So what the drip account does it drips that money in systematically over 12 months to let that money last. So you’re going to have to do a little bit more analysis to see what it would look like and what those positions would be. And so now that the companies that had been operating Profit First realize that they can’t operate, but because they’ve been squirreling money away over the past couple of years into these various accounts, they have a healthy amount of total cash available at all of these different bank accounts. They’re not going to need 15% in tax, but they have that tax money sitting aside, sitting there. They’re not going to need that operating capital because there’s not thing to operate. But they have that money there so they can weather the storm. You could take the IDA loans, the PPP loans, all that stuff is great. And what I recommend if you’ve made it this far and you really haven’t drawn any of that money, don’t spend it, put it in a bond account, right? Put it in a core capital account. That’s your savings. That’s your rainy day. That’s your Oh shit. That’s your okay, pandemic hit. But it’s also a way that, Hey, if things go quick, you get that next bid. You have that core capital available to start working again.
Rob Williams: [00:22:01] And that drip account, I was just thinking about that for what we were talking about, robbing Peter to pay Paul that’s what happens if you don’t have that drip account going, you’ve run out. So not only for that purpose, but also that Peter to pay Paul scenario, it’ll help solve that. So hopefully that’s another good tip for the underwriters.
Stephen Brown: [00:22:21] Well, you know, most of us know what it’s like to have to borrow a little bit and next thing you know, you’re a slave to making those payments on top of everything else. And then you you’ve got four or five projects go in and you get a little bit of money on, well, when I’m anticipating this coming in on that, well, there’s a cost to finance.
There’s a cost involved that you’ve got to pay at some point. And so I love the idea of Profit First saying, let’s, let’s try to manage this. And I can tell you that the bonding companies would absolutely love a contractor that practices this kind of concept. And you say, well, who cares what they think? It just opens amazing opportunities for you, at least from a bonded project standpoint. It breeds upon the success. If you’ve got this program in place and you’re getting more bonds, you’re getting more opportunities to jump on projects where a bond is required. That’s why I think this goes together so perfectly guys.
Ron Saharyan: [00:23:16] Right. And one of the things too, that, you know, you just triggered in my mind, alone is negative profit. You’re not profitable if you have a loan. It’s that simple, right? If you gotta run your business by continually seeking loans, there’s something wrong with your business.
That’s where really taking an internal look and seeing what’s going on and lifting up the hood because taking loan after bad loan, after bad loan, after bad loan, the percentages are going to add up. And so there goes your margin. If you’re running thin margins and you’re taking loans, and then you’ve got to repay the loan with the VIG on it, you just sit, you shoot yourself in the foot,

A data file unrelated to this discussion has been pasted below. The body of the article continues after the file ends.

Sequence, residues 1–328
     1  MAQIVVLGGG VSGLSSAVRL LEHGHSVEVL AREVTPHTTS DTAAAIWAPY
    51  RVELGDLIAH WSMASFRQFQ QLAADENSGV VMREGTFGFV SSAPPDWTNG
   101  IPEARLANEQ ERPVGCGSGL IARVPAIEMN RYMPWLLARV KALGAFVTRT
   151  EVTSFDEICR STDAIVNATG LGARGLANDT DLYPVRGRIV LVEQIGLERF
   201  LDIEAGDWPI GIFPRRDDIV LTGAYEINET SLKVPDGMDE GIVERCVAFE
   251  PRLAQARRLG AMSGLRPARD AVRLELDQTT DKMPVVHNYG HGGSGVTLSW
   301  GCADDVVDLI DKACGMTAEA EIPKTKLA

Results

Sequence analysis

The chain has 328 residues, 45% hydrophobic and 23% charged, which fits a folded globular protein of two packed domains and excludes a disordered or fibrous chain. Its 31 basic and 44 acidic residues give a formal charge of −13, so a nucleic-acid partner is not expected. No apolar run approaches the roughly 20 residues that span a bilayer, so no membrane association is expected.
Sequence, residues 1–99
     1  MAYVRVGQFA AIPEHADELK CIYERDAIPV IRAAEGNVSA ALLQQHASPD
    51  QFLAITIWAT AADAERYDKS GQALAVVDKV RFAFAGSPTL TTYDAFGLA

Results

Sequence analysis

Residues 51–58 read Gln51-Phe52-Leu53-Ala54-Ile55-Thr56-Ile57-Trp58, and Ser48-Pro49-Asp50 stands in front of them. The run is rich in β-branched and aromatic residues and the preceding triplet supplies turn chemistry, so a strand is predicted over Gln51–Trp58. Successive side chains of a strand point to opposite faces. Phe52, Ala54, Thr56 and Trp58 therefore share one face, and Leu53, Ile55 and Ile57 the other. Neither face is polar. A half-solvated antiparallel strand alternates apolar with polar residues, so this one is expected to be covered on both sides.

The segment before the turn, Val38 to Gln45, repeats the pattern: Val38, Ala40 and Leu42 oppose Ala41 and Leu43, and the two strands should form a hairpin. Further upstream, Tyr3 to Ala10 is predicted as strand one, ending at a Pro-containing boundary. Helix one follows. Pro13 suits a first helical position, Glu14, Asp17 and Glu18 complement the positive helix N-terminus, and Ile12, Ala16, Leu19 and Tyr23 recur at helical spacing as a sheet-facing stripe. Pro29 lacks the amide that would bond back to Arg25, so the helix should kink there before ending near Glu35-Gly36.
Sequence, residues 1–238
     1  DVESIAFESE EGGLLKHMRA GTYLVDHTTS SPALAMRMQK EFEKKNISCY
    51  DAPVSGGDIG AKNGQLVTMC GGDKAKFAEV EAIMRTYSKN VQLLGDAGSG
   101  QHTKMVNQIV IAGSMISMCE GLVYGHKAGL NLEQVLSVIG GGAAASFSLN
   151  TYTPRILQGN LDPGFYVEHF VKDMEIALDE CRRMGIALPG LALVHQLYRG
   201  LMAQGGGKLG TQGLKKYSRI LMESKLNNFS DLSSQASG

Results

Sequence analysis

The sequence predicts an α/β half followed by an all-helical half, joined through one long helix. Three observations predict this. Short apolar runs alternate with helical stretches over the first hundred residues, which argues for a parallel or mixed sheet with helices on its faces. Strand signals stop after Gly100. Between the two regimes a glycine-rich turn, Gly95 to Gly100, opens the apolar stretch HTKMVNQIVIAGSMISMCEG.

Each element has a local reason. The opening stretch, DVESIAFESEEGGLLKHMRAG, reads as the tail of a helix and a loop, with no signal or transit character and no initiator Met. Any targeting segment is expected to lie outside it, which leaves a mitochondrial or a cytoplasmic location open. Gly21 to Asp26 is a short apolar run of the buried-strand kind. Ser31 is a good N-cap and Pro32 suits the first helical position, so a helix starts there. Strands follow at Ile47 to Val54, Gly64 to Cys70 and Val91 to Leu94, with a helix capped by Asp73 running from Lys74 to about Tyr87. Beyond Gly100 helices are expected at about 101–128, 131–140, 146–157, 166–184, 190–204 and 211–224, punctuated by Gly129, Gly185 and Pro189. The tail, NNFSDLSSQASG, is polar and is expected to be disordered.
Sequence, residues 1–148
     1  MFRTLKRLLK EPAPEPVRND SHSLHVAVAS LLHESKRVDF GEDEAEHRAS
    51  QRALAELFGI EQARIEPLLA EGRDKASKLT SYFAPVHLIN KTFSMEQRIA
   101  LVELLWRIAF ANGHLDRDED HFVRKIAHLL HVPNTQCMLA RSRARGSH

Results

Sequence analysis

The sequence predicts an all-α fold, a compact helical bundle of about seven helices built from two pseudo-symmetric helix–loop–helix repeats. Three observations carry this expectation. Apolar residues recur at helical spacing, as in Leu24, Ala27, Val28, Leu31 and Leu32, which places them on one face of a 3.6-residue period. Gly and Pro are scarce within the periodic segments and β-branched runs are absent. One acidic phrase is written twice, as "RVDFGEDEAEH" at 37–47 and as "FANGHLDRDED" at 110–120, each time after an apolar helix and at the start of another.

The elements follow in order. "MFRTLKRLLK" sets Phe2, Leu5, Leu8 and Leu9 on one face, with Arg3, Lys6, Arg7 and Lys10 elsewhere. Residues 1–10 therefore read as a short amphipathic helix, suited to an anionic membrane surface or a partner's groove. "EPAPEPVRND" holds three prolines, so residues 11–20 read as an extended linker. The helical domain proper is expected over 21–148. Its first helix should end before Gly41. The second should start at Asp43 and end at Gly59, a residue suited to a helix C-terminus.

Rob Williams: [00:23:59] Yeah. Particularly if you’re taking those loans to pay for your overhead in your expenses, not necessarily to-
Ron Saharyan: [00:24:04] Or even to, or even to fund the next project.
Rob Williams: [00:24:07] Yeah. Yeah. And, and, and a lot of times in these contractors, they’re actually getting paid draws as opposed to maybe the residential guys, where they have to get those loans. They own the project while it’s going, you know, so they have to get those loans, which is a lot different. So being careful to distinguish and pay attention to what your loans are in your business, contractors. Are they to finance your operating expenses or are they strictly to finance that job that you’re getting? Wade, what else you got on that?
Wade Carpenter: [00:24:39] Yeah. I mean, we see it all the time. And one of the things that Profit First taught me that I never thought about is, so many contractors in any business, they want to pay zero in tax. And one of the concepts is, you’ve got to have profit to pay that loan back. It doesn’t come from anywhere else. Otherwise you got to borrow it from somewhere else. So.
Ron Saharyan: [00:25:01] And I see that all the time in that industry all the time, I hate paying taxes. I hate paying taxes – you hate paying taxes because you don’t have the money to pay taxes. And so, you know, having a tax account set aside, and having to pay a couple hundred thousand dollars in taxes means you’re probably making a million. So if you want to make gobs and gobs of money, look at paying taxes as a badge of honor, right? Wade, it’s going to do everything in his power to minimize your taxes, minimize it, but not at the jeopardy of hurting the company.
An example is my buddy has a $3 million company and he supplies autos to film, print, television, stuff like that. For the past 20 years he’s been paying no taxes. It’s not really a healthy company, but it’s a cash cow for him. Making a couple of hundred thousand, which is nice. He takes loans out of the business, buy property, you know, all sorts of stuff that he’s doing.